DTD Episode 42 Show Notes
Simple Strategies to Eliminate Guilt in a Healthy Way
As I’ve said before in other podcast episodes, emotions are powerful and provide us with important information but emotions are not fact and not all of them serve us in our quest for success.
I’ve been witness to the misguided power of guilt too many times. And guilt definitely breeds drama! Whether the guilt is there because we’ve invited it in ourselves or it’s placed there by a disappointed coworker or loved one the power of guilt can be palpable and doesn’t necessarily move us in the correct direction.
Guilt can move us away from our goals and priorities as we seek to avoid it
Steps to Eliminating Guilt in a Healthy Way
- Did You bring it on or has it been placed there?
If you you’ve invited the emotion is it valid? We invite guilt in when we feel there is something we should be doing that we aren’t. Or, when we are doing things we know we shouldn’t. This can be keeping a promise to ourselves or others. The “should’s or shouldn’ts are key sources of self-induced feelings of guilt. I should exercise, I should spend more time on X. I shouldn’t have reacted in anger. I shouldn’t have said the things I said. The existence of guilt does not mean that you must take action, however. Sometimes the guilt enters as a result of unrealistic expectations placed on us by ourselves or others.
If you feel guilt do some reality checking. Are you failing to follow through on a commitment you’ve made? Is the way you are spending your time mis-aligned with how you intend to prioritize your life? Are you lying or doing anything else that moves you away from good integrity? Have you acted out in anger when you shouldn’t have or responded with defensiveness when it was unwarranted? Are you trying to ignite guilt in others to manipulate them towards an outcome that serves you?
If you feel guilt and it is valid then what is the action you will take to correct? I should be directly aligned with the guilt-inducing behavior. Do what you committed to, live with integrity, keep your priorities.
If you are focusing on some areas of personal growth and are making some progress I encourage you to avoid guilt and instead give yourself grace. Now, I’m not suggesting that you let yourself off the hook altogether. However, too many of my clients forget to celebrate the progress they’ve made and instead choose to beat themselves up when they are not perfect. Guilt under these circumstances assures that you will miss the opportunity to celebrate your movement forward and can cause you to back slide. You can begin to feel discouraged. For instance, when a leader is working on being less of a micromanager. They delegate a few things but end up doing some work that should have been passed on to others. They begin to think, “I’ll never get there. I might as well quit trying.” More often than not the reality is that they took two big steps in the right direction but haven’t fully arrived. And that’s okay! It would be great if we could click our fingers and arrive at perfection immediately. It’s just not realistic. So, if you are making efforts to improving but just aren’t’ there yet don’t pave your path with guilt. It’s a much tougher road to travel.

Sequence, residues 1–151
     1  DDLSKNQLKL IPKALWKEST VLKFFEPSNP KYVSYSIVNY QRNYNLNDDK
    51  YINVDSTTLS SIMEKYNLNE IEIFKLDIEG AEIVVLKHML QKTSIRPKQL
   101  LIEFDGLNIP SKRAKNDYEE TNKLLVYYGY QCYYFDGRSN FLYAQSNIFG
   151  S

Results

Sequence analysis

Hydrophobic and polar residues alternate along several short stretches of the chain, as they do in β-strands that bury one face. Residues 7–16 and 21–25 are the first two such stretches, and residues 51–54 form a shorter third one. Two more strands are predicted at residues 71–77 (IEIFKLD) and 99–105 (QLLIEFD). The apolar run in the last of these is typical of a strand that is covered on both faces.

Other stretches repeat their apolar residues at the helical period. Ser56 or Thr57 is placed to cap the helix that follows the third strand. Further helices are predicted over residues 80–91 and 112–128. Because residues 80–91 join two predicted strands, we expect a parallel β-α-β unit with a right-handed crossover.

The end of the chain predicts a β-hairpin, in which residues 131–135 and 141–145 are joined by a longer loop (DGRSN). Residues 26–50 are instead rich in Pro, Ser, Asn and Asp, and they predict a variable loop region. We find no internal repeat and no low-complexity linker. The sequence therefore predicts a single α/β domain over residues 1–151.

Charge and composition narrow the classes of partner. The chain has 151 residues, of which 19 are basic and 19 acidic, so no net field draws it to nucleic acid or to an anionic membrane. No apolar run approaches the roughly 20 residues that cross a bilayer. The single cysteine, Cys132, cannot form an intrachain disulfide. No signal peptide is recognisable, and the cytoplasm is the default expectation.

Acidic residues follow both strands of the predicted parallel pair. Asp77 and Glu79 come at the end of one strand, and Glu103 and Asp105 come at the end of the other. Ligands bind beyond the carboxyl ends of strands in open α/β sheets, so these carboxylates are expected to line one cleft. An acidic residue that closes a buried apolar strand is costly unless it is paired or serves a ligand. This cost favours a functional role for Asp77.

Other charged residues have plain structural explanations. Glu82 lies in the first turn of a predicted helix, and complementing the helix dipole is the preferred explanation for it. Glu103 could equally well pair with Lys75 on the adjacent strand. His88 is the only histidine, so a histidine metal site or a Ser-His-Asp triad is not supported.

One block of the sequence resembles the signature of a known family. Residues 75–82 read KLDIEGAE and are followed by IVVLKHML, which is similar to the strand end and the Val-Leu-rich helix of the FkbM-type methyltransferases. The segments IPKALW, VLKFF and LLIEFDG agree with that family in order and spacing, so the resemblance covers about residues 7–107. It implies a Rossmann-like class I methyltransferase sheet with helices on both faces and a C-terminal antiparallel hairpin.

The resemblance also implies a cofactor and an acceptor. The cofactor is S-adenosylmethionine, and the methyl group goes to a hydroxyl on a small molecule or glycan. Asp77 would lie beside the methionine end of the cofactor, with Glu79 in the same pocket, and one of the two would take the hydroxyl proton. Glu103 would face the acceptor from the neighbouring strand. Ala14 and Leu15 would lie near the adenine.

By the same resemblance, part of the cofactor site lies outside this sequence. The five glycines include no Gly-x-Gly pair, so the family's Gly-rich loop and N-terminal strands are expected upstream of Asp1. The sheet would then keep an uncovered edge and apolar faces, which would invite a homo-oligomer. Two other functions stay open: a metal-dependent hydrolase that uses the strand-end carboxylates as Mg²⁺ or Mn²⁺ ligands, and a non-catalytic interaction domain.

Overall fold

I am not asking you to excuse away or justify to avoid guilt. I am saying get real and celebrate where you can to build momentum towards your goals.
2. Has the guilt been inserted by another person?
In this circumstance you must do some reality checking as well. Having another person feel disappointed, angry or frustrated with you does not automatically require you to take action to help them avoid their reaction. There are definitely times when you must release and allow someone to have his or her own reaction to a situation. You can’t always fix it for them to help them avoid the feeling. Helping other people avoid their negative emotions is people pleasing.
I’m not saying you should never respond but you need to make sure that he or she is not trying to manipulate you by placing guilt on you. Them pushing guilt towards you does not obligate you to take the guilt on and does not require you to take action that will alleviate their negative feelings.
But, it is important to do some reality checking. Relationships are about negotiation, give and take. Living guilt free doesn’t mean you get to discount other people’s desires or needs altogether.
Here are some places to look to see if you should respond to a request: Is the disappointment, frustration or anger they feel valid?
Did you make a promise you are not following through on?
Whether it’s a specific commitment to complete a task by a certain date or a more general promise to prioritize your time around a person – you may need to modify if their negative feelings area a result of your failure to follow through on a commitment.
For additional strategies to help you keep your word listen to Episode 39: To what Do You Commit? 6 Surefire Strategies to Help You Keep Your Word http://goo.gl/O6lsGX
Is their concern valid? If so then what action will you take?
If their feelings are not valid it might be time to set a healthy boundary with the individual who has tried to place the guilt there and then release and allow them to have their own experience. Leave some room for negotiation. Is there an alternate request that is reasonable to respond to? Releasing guilt is not about becoming a dictator. It is about creating healthy relationships with yourself and others.
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